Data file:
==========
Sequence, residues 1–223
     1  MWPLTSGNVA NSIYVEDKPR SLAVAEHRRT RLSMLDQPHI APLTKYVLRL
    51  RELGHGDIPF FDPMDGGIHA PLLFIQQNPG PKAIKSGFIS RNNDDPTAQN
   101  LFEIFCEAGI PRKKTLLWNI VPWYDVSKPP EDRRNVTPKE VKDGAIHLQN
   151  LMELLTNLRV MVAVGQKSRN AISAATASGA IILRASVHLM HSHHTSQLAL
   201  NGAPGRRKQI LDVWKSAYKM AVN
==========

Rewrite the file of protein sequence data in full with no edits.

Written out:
Sequence, residues 1–223
     1  MWPLTSGNVA NSIYVEDKPR SLAVAEHRRT RLSMLDQPHI APLTKYVLRL
    51  RELGHGDIPF FDPMDGGIHA PLLFIQQNPG PKAIKSGFIS RNNDDPTAQN
   101  LFEIFCEAGI PRKKTLLWNI VPWYDVSKPP EDRRNVTPKE VKDGAIHLQN
   151  LMELLTNLRV MVAVGQKSRN AISAATASGA IILRASVHLM HSHHTSQLAL
   201  NGAPGRRKQI LDVWKSAYKM AVN